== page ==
Earlier this week, Mandiant/FireEye revealed that a highly sophisticated state-sponsored adversary stole FireEye Red Team/offensive security tools.

Use of offensive security tools is common practice in the cybersecurity industry–we use them ourselves to stress test our protection against simulated cyberattacks.

Following this breach, FireEye publicly released a set of countermeasures rules. The actual tools were not released to the public and still aren’t available for testing. Nevertheless, the security industry was able to use the information released by FireEye to collect relevant attack IOCs from other available sources.

We have verified the detection state on the attack samples available to us and initial results show that the overwhelming majority were already detected by the existing Sophos anti-malware definitions.

We have made further detection updates since the disclosure and are in the process of locating and verifying detection of any other components that may be relevant.

The top Sophos detection names associated with these tools:

  • Mal/Swrort-AE,-L
  • Troj/Rubeus-*
  • BloodHoundAD (PUA)
  • Troj/Seatbelt-A
  • Mal/Zafkat-A
  • ATK/Cobalt-A,-B,-V,-G
  • Exp/20201472-A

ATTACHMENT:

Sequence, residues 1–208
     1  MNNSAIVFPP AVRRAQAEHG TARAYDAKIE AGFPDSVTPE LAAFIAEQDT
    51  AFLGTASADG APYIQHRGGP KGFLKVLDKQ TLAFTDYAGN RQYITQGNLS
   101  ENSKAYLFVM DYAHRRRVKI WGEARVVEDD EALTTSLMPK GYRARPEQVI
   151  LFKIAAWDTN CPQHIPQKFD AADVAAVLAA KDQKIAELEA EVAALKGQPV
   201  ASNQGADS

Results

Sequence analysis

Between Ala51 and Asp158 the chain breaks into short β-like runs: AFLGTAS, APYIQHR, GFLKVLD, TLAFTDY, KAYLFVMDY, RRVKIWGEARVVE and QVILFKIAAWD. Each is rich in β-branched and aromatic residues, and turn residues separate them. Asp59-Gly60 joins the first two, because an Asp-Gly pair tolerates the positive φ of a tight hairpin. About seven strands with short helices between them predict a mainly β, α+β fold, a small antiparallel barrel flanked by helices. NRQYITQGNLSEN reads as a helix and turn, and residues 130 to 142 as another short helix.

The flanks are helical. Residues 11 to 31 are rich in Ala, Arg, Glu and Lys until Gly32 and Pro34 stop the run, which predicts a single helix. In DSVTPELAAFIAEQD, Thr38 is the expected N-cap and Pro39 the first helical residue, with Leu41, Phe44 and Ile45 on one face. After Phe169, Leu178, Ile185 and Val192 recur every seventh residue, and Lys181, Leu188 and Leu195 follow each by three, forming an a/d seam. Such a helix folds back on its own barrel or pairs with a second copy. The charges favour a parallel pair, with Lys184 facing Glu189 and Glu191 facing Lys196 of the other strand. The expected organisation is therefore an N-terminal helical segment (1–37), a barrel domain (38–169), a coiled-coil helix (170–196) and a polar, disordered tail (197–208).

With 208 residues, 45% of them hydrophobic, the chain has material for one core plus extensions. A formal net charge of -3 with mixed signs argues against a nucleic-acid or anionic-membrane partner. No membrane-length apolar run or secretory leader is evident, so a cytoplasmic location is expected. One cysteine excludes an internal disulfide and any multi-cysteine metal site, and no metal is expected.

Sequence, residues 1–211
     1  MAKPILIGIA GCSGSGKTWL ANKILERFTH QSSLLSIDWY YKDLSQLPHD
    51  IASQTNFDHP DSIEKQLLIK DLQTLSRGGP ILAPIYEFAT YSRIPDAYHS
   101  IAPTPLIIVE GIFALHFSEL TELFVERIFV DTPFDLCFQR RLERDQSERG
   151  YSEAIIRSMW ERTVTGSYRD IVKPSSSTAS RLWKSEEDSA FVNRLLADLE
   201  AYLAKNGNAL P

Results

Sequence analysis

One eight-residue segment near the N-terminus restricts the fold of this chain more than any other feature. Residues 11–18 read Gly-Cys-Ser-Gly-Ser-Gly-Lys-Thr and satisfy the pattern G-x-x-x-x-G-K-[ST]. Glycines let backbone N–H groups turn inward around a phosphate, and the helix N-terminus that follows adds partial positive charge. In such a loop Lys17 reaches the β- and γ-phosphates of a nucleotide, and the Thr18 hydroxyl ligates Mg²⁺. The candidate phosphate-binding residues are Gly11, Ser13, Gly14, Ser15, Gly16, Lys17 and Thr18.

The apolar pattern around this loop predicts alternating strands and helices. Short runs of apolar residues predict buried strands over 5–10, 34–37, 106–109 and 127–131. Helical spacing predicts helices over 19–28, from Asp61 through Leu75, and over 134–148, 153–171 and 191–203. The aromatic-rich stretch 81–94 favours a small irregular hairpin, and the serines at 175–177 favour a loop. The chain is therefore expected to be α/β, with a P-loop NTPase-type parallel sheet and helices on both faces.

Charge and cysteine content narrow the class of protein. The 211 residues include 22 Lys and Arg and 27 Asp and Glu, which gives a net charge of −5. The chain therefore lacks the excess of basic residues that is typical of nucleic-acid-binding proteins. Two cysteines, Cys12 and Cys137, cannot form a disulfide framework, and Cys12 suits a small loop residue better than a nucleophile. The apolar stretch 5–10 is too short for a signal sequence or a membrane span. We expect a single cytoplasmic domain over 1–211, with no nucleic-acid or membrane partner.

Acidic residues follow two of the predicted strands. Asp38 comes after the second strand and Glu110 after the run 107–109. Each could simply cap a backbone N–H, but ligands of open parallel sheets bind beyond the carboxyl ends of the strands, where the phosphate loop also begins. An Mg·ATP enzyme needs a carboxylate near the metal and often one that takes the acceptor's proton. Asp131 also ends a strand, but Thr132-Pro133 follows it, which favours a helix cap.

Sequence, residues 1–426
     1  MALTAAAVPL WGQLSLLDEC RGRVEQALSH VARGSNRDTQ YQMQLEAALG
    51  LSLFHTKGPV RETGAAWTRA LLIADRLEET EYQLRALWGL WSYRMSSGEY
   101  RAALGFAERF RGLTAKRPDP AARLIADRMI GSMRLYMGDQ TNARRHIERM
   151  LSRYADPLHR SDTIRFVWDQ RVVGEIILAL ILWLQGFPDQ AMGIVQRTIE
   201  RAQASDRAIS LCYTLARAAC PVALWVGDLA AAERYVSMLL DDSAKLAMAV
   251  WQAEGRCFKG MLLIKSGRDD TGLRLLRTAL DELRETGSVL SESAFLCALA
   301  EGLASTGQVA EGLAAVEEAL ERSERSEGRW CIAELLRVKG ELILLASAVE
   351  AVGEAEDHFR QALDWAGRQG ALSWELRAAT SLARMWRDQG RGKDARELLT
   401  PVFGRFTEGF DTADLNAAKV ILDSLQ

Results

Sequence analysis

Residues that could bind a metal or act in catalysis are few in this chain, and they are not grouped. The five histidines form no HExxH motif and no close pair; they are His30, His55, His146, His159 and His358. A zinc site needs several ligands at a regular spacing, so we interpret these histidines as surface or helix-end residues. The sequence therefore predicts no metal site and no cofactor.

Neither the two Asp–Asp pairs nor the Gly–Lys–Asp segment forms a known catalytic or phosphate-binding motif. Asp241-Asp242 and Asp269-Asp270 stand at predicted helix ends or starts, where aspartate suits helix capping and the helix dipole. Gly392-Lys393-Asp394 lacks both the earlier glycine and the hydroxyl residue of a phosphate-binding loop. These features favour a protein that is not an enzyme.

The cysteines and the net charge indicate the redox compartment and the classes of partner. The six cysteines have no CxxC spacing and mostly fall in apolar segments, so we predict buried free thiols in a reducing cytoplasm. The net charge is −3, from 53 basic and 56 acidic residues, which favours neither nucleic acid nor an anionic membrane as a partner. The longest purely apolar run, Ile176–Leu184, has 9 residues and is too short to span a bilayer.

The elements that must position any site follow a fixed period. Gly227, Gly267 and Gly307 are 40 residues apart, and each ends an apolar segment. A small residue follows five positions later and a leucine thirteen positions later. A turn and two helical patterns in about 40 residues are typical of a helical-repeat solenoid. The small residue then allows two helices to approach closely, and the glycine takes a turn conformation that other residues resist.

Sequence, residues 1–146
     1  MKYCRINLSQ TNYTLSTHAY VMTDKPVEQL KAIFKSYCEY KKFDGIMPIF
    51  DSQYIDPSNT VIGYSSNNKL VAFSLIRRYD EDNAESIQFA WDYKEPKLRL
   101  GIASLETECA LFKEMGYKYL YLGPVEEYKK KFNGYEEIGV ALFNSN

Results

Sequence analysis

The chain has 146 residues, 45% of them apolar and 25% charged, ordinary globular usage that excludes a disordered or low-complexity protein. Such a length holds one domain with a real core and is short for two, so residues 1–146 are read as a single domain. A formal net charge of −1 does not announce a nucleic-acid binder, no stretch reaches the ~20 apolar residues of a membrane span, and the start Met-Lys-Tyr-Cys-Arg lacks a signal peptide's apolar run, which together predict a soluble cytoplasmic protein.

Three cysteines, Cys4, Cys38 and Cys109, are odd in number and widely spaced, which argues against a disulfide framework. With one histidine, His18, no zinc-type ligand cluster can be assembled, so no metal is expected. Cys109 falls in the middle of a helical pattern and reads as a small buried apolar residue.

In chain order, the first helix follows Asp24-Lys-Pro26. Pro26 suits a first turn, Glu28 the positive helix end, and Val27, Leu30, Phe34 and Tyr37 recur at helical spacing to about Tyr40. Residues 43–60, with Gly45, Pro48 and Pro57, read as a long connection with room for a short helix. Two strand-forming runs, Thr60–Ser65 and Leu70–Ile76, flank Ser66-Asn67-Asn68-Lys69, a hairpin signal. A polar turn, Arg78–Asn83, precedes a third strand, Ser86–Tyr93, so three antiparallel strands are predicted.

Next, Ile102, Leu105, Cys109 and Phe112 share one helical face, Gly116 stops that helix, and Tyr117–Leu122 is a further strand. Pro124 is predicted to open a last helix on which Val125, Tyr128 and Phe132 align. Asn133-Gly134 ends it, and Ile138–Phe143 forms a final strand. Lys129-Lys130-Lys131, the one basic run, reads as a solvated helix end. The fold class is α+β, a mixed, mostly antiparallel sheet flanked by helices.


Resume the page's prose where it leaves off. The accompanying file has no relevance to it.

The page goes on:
• Troj/PrivEsc-*
  • ATK/PrivEsc-*
  • Troj/DocDl-ABQE
  • Troj/Agent-BGFM
  • ATK/Tlaboc-F
  • Exp/20132465-A
  • Harmony Loader (Hacktool)
  • Troj/Agent-AYZU
  • Troj/AutoG-ID

The core of the stolen toolset is focused on post-exploitation techniques. According to FireEye, the components stolen did not contain zero-day exploits. Organizations that regularly apply security patches across their estate are well prepared against the potential abuse of these tools.

We have checked the vulnerabilities mentioned in FireEye’s “countermeasure” files against Sophos’ IPS signature databases used by Sophos XG Firewall and Sophos UTM and are pleased to confirm strong coverage from the existing signature set. A subset of signatures relevant to endpoint protection is also available on the endpoint IPS.

CVE IPS Sid (Sophos XG Firewalls)
CVE-2019-0708 1190514210
CVE-2017-11774 8422
CVE-2018-15961 2300872, 1181116050
CVE-2019-19781 2301366, 52620, 2301639, 2303158
CVE-2019-3398 50169, 50170, 50168
CVE-2019-11580 In release pipeline
CVE-2018-13379 2301565, 51371, 51372, 2300726
CVE-2020-0688 2302419, 2302422
CVE-2019-11510 1190822080
CVE-2019-0604 55862, 49861
CVE-2020-10189 2302318, 2302321, 2302322, 53434, 2302053, 2302054
CVE-2019-8394 In release pipeline
CVE-2016-0167 38491, 38765
CVE-2020-1472 56290, 1200811220, 2304011, 2304013, 2304014, 2304015, 2304016, 2304017, 55802, 55704, 55703, 2303764, 2303765, 2303768, 2303769
CVE-2018-8581 1000550

Should you have any concerns around the potential use of these tools in future real attack scenarios, please speak to your Sophos representative.

In the meantime, we encourage all customers to use this incident as a timely prompt to check that your security patches are fully up to date.

As an active member of the Cyber Threat Alliance, Sophos is committed to working collectively with the cybersecurity industry to fight cybercrime. We commend FireEye for their disclosure and have reached out to their security team to share more information on the actual toolsets.

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